Maldives’ Largest Ever Infra Project, Funded By India: All You Should Know About The Greater Male Connectivity Project


The Greater Male Connectivity Project will improve connectivity between capital Male and three other islands, together accounting for nearly half of the Maldivian population.


India and the Maldives have signed an agreement on the Greater Male Connectivity Project (GMCP), the largest-ever infrastructure project in the strategically located island nation in the Indian Ocean.

The project will be completed at the cost of $500 million. India is funding it with a grant of $100 million and a Line of Credit of 400 million.

Foreign secretary Harsh Shringla and Indian ambassador Sunjay Sudhir will attend the signing ceremony along with and four Maldivian ministers.

The signing of the agreement is taking place at a time when the Opposition in the Maldives, along with an Islamist news outlet, is running an ‘India Out’ campaign targeting infrastructure projects being undertaken by Indian companies.

Those advocating against Indian presence in the Maldives, including “journalist” Ahmed Azaan, the founder of Islamist news portals Dhiyares and The Maldives Journal, have argued in favour of seeking financial assistance from China despite the Maldives’ bad experience with Chinese funding for infra projects in the past.

The two portals have published multiple misleading reports on Indian projects in the country, including the construction of a police training academy in Addu City and a harbour and dockyard at Uthuru Thilafalhu, and have targeted Indian diplomats in the Maldives.

Greater Male Connectivity Project

The CMCP project, which involves the construction of 6.74 km long bridge and causeway, will link Maldives’ capital Male with adjoining islands of Villingli, Gulhifalhu and Thilafushi.

India will build three navigation bridges spanning 140 meter across the deep channel between each island. Over 1.40 km of marine viaduct will be constructed in deep water, along with a 2.32 km marine viaduct in shallow water or on land and 2.96 km of at-grade roads.

“A 140m-span balanced cantilever box girder bridge is proposed over the navigation channel, with marine viaducts on either side of it typically comprising of 60m span box girder bridges,” a project document on the website of Export Import Bank of India says.

“Between Villingili and Gulhifalhu islands where water depth deepens sharply toward the center of the channel, another 140m-span balanced cantilever box girder bridge is proposed. The mainline of the bridge will continue as marine viaducts along the shoreline of Villingili (right hand side of figure below). An interchange and connecting ramps to Villingili Island is proposed that requires some reclamation,” it adds.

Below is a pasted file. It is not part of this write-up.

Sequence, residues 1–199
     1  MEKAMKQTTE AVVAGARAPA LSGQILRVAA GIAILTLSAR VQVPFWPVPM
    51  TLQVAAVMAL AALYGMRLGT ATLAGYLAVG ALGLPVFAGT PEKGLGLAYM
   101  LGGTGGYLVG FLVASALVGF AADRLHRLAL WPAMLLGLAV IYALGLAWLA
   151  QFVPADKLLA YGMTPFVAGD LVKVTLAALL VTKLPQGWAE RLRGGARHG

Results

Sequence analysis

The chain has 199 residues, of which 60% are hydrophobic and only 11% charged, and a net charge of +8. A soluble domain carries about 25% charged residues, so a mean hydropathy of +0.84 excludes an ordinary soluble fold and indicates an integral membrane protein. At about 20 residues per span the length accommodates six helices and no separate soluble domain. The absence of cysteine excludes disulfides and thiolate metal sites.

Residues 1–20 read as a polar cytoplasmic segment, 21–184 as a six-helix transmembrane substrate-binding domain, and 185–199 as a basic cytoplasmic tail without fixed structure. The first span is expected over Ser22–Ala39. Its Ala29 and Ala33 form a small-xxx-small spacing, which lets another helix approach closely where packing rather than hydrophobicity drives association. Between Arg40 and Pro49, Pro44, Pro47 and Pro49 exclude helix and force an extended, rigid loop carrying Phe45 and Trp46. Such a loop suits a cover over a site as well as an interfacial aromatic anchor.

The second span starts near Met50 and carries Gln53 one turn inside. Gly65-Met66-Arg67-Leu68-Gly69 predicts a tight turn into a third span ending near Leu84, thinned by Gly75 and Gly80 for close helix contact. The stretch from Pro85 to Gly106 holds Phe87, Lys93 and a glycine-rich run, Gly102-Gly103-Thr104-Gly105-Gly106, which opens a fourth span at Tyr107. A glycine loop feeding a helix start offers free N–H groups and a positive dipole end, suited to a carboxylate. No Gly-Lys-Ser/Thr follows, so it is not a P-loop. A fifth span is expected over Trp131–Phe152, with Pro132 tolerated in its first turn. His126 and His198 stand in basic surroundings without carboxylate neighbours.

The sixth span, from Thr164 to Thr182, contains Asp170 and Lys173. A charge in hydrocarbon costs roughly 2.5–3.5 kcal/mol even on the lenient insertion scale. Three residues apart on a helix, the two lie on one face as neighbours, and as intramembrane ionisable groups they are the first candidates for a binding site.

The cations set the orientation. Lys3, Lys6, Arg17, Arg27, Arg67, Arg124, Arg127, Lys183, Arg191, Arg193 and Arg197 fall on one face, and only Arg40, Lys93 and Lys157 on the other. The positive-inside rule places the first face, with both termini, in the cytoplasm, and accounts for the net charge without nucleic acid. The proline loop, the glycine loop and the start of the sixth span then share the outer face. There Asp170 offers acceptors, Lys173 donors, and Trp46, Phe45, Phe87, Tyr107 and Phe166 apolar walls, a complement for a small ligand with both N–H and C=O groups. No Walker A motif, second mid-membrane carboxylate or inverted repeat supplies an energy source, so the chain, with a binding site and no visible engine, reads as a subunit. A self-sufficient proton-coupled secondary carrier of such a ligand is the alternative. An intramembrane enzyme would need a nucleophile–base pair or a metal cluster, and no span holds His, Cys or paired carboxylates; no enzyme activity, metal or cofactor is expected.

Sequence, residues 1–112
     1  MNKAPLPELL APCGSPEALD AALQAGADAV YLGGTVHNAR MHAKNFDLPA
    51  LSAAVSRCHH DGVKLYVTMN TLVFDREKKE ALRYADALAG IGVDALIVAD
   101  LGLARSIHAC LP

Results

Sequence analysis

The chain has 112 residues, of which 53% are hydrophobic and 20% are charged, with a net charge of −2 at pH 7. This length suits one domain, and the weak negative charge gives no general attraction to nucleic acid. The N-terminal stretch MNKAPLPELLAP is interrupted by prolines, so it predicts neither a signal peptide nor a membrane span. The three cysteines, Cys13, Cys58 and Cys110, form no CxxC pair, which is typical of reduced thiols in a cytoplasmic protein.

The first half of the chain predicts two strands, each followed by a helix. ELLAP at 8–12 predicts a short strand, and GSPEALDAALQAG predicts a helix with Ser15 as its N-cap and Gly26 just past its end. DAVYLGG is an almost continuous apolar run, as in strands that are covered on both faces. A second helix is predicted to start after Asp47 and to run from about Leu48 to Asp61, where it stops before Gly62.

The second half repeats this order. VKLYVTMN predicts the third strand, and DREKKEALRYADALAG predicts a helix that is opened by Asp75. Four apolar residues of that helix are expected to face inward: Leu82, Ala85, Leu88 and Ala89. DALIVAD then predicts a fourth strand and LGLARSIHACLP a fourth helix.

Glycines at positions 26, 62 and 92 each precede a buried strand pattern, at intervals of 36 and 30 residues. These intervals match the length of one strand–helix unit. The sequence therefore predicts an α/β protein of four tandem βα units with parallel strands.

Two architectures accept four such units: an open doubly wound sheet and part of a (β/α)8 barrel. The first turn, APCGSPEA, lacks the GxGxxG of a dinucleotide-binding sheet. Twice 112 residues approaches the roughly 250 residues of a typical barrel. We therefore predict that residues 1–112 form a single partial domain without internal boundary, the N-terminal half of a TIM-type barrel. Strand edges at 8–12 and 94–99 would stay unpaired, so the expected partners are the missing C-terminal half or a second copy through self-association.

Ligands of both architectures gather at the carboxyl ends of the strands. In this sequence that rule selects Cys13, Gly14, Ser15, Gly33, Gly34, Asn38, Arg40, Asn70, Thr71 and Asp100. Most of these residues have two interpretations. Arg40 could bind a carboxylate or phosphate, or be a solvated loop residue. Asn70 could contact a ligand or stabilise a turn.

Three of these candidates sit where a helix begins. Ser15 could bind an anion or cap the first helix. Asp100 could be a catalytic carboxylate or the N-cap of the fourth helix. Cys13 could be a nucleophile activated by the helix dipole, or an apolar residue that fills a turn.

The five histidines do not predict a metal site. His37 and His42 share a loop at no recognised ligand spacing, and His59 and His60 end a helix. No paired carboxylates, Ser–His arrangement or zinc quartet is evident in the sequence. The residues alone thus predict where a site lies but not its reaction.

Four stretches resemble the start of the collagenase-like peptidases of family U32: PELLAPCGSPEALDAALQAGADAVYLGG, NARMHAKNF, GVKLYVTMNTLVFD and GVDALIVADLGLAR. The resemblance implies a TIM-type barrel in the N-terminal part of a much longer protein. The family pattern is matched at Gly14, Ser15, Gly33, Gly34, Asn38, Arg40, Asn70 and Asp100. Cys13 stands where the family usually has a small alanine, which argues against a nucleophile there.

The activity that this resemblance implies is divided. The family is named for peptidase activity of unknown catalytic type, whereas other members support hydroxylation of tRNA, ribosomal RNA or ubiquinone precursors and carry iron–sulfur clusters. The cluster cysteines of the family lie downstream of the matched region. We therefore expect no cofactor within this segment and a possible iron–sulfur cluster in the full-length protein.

It will significantly improve connectivity between the four islands accounting for nearly half of the Maldivian population.

The GMCP project is much larger than the “Friendship Bridge” built by China to link capital Male with neighboring Hulhule, an artificial island where the country’s main international airport is located.

The infrastructure project had been awarded to an Indian company before the last government led by President Abdulla Yameen, under whom the Maldives junked its ‘India-first’ foreign policy and embraced China, canceled the deal and gave it to a Chinese company.

Under President Yameen, the Maldives borrowed heavily from China for infrastructure projects, most of which were completed at an inflated cost, pushing the country into Beijing’s debt trap. According to former President Mohamed Nasheed, a key political figure whose party is now in power, the exposure to Chinese debt could be as high as $3 billion, a huge sum for a country with a gross domestic product of $4.9 billion.

In 2018, after the new government took charge, India announced an economic package of $1.4 billion to help the Maldives. The package includes a line of credit of $800 million, which can be used for infrastructure projects, including the expansion of the airport and construction of roads, sanitation plants, etc.